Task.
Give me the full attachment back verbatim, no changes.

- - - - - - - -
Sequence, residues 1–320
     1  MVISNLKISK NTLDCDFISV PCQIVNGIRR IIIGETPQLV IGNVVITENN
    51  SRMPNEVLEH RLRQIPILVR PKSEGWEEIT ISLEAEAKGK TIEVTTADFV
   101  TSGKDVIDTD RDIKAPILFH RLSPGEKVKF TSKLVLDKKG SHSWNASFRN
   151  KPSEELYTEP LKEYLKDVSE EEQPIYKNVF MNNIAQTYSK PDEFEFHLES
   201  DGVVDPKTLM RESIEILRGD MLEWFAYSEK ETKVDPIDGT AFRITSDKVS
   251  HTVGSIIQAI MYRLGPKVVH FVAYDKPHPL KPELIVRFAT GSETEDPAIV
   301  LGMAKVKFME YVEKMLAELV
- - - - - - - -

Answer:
Sequence, residues 1–320
     1  MVISNLKISK NTLDCDFISV PCQIVNGIRR IIIGETPQLV IGNVVITENN
    51  SRMPNEVLEH RLRQIPILVR PKSEGWEEIT ISLEAEAKGK TIEVTTADFV
   101  TSGKDVIDTD RDIKAPILFH RLSPGEKVKF TSKLVLDKKG SHSWNASFRN
   151  KPSEELYTEP LKEYLKDVSE EEQPIYKNVF MNNIAQTYSK PDEFEFHLES
   201  DGVVDPKTLM RESIEILRGD MLEWFAYSEK ETKVDPIDGT AFRITSDKVS
   251  HTVGSIIQAI MYRLGPKVVH FVAYDKPHPL KPELIVRFAT GSETEDPAIV
   301  LGMAKVKFME YVEKMLAELV